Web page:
But Keleher didn't want to stop until she had exhausted every option for this couple.

Then finally, came joy.

After a successful harvest doctors were able to retrieve 19 eggs which resulted in 10 high quality embryos after they were fertilised with the donor sperm.

A transfer of the embryo took place and Keleher fell pregnant. Nine months after an uncomplicated pregnancy, Keleher gave birth to a healthy baby boy in March, 2024.

The intended parents were in the birth suite when their child was placed on Keleher's chest taking his first breaths in this world — a moment that usually creates an incredible bond between mother and child.

@deadlynytshade Birth journey of little surrobub #surrogacy #surrogate #birth #induction #australiansurrogacy #makeababy #birthstory #athousandyears #breastfeeding #newbornbaby #brisbane #qld #australia #39weeks #39weekspregnant ♬ a thousand years - Christina Perri

With such a monumental moment taking place, this is the one question people seem to have when they find out Keleher has been a surrogate — 'aren't you afraid you'll become too attached to the baby and you won't want to give it up?'


But in this case, Keleher felt no attachment.

"When they put the baby on me my first thought was, oh my god, that’s not my baby," she said.

"As soon as I saw him and he was on me, I felt like he was 100 per cent theirs. Instantly they had a bond with him and instantly I did not. Most women have it in their head that they would get too attached to the baby and it would have been too hard, which isn’t actually the case."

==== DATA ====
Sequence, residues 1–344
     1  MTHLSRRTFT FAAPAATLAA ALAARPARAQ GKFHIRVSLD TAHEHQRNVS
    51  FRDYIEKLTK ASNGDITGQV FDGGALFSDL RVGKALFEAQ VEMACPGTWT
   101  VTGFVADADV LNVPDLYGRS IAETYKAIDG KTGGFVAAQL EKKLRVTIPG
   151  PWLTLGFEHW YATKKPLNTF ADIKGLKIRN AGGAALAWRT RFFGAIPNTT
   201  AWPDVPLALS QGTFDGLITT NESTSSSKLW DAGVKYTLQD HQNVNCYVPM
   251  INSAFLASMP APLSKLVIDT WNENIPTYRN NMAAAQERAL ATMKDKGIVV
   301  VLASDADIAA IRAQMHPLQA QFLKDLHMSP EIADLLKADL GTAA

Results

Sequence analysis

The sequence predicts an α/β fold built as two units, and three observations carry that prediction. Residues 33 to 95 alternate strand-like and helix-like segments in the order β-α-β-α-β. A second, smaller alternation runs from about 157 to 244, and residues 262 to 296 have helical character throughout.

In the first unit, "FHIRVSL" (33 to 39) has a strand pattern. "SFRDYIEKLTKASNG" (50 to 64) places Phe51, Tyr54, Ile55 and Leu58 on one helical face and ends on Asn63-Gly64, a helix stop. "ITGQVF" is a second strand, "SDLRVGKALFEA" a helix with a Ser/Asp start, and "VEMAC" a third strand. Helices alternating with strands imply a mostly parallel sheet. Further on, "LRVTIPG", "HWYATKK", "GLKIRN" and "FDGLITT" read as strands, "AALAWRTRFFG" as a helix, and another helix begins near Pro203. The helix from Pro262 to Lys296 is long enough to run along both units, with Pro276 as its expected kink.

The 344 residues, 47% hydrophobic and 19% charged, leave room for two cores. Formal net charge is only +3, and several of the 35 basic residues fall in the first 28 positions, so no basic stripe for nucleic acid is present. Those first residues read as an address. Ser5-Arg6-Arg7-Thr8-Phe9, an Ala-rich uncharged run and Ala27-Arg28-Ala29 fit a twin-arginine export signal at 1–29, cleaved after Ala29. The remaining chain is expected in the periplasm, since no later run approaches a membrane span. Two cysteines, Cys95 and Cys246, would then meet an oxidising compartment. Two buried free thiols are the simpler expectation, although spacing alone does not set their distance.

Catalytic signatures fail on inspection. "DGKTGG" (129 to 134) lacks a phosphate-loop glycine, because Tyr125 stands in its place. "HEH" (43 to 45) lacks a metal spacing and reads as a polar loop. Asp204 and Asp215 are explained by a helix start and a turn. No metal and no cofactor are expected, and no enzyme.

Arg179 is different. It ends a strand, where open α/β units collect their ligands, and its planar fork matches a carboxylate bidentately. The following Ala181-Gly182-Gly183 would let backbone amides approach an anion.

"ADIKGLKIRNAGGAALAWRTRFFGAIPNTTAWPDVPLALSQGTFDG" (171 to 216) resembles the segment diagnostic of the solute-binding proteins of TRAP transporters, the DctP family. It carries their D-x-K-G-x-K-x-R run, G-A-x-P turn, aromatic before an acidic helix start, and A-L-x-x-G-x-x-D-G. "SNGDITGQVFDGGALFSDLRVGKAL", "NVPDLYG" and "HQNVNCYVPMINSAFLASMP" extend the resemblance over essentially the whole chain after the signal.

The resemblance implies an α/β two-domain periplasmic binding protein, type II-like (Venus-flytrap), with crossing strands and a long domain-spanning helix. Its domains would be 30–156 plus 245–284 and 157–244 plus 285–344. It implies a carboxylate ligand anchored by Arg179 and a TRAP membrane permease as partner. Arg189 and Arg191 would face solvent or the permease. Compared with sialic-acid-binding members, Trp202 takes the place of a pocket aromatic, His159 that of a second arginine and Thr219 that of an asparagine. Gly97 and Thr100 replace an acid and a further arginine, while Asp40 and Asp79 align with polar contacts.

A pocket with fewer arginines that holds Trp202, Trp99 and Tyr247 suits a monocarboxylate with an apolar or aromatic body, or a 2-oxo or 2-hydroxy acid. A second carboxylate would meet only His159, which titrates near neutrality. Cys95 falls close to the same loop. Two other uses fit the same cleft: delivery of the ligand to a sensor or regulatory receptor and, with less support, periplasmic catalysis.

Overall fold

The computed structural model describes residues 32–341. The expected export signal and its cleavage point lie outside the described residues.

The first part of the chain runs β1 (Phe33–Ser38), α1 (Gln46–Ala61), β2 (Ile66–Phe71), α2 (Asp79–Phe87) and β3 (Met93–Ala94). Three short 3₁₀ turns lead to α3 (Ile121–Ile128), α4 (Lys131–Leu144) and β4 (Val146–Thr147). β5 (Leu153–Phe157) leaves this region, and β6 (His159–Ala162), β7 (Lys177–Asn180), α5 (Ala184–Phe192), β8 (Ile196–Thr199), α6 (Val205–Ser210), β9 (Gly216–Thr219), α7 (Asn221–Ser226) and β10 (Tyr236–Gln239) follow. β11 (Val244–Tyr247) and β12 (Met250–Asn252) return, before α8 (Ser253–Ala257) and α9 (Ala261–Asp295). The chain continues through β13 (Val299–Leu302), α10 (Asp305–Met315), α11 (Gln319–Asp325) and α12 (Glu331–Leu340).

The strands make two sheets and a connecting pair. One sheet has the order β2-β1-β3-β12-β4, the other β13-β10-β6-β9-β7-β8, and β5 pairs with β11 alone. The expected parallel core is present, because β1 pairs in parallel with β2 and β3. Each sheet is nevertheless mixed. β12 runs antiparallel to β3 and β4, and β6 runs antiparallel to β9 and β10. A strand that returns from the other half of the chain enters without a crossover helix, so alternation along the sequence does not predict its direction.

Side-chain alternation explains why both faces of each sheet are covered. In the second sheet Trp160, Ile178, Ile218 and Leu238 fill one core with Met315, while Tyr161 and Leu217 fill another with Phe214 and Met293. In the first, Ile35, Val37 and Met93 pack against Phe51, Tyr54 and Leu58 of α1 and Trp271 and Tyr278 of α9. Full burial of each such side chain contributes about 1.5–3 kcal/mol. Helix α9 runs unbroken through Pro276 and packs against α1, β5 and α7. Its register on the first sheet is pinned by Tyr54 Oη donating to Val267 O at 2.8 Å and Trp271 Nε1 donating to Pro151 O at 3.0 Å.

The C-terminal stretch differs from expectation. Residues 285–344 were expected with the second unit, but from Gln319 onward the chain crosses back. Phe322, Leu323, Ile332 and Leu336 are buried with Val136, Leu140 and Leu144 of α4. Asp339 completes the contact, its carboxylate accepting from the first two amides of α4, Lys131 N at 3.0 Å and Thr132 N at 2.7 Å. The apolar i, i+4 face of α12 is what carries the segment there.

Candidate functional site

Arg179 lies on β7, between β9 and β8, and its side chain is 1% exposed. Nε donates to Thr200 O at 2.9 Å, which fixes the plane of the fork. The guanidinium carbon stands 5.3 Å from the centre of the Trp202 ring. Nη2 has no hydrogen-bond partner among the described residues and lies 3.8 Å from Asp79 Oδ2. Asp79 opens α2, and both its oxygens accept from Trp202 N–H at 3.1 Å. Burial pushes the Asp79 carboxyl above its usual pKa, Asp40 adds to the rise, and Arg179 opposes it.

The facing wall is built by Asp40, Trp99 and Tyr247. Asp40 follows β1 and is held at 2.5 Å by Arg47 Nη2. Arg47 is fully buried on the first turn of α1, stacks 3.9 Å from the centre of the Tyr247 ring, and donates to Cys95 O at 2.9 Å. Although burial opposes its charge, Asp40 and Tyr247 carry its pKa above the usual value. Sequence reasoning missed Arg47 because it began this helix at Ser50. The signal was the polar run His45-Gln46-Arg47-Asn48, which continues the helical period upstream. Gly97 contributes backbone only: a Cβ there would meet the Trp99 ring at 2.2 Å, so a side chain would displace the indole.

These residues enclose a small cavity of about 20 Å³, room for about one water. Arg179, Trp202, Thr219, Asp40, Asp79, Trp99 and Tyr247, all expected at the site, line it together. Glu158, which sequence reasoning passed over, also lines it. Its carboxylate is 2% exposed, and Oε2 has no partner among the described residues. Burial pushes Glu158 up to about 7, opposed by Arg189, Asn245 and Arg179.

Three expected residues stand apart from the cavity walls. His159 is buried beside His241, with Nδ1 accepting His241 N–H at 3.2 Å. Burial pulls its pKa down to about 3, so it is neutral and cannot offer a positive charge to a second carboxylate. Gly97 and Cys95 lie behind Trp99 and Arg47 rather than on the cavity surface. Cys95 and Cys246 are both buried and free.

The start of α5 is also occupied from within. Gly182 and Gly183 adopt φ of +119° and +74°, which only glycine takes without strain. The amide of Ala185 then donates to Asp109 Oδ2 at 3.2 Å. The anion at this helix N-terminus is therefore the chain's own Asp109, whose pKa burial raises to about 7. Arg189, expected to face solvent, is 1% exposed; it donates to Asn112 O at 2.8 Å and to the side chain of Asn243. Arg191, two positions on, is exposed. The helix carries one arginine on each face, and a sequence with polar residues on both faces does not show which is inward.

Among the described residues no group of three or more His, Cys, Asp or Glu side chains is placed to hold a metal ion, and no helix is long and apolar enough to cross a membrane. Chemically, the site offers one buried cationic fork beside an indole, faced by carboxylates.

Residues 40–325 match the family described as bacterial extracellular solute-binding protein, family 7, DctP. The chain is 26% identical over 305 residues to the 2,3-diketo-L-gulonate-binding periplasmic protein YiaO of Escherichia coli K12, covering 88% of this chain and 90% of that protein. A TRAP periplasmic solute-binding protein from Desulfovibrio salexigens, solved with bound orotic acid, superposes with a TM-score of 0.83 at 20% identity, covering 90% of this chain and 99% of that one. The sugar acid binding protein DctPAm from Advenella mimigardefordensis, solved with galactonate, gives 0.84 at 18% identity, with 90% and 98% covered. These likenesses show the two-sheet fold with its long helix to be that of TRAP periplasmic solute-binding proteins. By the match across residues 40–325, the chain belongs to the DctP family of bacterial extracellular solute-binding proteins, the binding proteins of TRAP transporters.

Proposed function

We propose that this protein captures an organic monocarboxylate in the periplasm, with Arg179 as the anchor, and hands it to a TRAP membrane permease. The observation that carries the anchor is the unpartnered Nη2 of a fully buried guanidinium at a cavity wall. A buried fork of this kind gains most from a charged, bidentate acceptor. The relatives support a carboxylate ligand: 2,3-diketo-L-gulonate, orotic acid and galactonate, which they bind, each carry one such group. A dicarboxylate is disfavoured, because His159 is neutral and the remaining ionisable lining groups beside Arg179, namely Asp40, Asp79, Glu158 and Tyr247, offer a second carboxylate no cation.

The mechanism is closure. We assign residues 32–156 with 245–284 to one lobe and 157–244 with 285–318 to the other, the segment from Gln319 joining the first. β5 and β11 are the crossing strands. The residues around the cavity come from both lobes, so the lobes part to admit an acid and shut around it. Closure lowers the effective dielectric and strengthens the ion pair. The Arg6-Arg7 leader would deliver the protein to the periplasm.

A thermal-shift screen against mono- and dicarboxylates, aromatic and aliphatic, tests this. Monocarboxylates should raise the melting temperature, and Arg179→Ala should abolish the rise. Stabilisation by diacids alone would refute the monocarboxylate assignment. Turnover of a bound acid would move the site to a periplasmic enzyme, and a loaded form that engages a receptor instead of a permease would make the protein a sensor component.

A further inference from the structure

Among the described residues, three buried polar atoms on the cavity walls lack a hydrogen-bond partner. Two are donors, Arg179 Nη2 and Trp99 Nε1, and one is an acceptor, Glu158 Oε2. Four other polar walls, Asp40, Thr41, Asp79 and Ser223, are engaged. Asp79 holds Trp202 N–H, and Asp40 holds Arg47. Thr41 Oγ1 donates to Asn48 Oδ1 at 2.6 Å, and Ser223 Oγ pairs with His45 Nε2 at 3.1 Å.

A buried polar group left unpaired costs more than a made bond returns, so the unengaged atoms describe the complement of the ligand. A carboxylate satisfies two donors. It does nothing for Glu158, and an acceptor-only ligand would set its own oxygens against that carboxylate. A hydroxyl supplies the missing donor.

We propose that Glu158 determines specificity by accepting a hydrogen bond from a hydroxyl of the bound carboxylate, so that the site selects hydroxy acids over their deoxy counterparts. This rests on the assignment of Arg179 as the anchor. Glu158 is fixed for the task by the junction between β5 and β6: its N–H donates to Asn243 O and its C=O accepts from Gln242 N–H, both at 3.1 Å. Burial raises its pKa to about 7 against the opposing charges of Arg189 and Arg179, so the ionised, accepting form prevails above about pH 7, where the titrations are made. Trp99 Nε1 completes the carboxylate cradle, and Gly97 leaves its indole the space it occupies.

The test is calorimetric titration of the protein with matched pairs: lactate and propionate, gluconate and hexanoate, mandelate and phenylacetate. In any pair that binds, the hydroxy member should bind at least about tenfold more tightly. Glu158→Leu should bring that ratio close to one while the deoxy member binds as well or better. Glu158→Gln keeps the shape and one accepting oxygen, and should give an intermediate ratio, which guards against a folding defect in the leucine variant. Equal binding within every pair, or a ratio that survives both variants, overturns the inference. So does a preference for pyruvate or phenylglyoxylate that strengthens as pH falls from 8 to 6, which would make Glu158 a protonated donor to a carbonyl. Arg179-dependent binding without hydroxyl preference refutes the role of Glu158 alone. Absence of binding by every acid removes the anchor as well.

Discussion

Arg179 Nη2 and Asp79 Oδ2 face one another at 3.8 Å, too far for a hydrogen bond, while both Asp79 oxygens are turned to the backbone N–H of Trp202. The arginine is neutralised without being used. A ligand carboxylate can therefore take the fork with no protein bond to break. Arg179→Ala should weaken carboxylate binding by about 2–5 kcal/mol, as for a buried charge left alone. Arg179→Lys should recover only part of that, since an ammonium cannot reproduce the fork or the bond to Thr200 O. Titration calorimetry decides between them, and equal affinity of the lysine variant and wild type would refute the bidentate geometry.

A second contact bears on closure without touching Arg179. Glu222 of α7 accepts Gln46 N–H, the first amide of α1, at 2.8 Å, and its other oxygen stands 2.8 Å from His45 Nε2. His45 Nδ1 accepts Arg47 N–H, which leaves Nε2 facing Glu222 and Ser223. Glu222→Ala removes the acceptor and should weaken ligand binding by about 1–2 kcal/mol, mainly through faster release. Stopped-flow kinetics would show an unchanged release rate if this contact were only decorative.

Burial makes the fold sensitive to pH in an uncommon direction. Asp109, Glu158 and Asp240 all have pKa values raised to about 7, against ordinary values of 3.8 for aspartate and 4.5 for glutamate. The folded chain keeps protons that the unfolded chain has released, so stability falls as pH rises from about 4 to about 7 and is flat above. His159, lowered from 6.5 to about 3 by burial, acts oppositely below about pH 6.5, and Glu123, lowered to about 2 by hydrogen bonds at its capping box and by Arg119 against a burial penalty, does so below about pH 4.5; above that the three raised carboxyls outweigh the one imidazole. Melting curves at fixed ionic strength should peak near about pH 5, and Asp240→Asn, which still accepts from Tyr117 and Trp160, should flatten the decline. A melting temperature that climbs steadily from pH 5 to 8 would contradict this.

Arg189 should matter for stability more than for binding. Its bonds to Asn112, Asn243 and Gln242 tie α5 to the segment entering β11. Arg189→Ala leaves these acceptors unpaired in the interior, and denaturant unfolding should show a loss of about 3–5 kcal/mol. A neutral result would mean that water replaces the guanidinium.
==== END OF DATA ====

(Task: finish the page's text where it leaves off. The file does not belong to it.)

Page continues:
The intended parents at the birth of their child. Image: Supplied.


After a delayed chord cutting, Keleher gave the surrogate baby a first breastfeed and handed him over to his parents for their first skin to skin contact. For the duration of their hospital stay they were in another room and intermittently brough the baby to Keleher for feeds. When speaking about that process Keleher says she wanted to give the baby the best start in life by breastfeeding however she was able to make that distinction between nourishing and connection.

Now, around nine weeks postpartum, Keleher is still expressing around five times a day and delivers the milk to the parents. After four weeks off work she has returned to the office and has more or less resumed her normal life.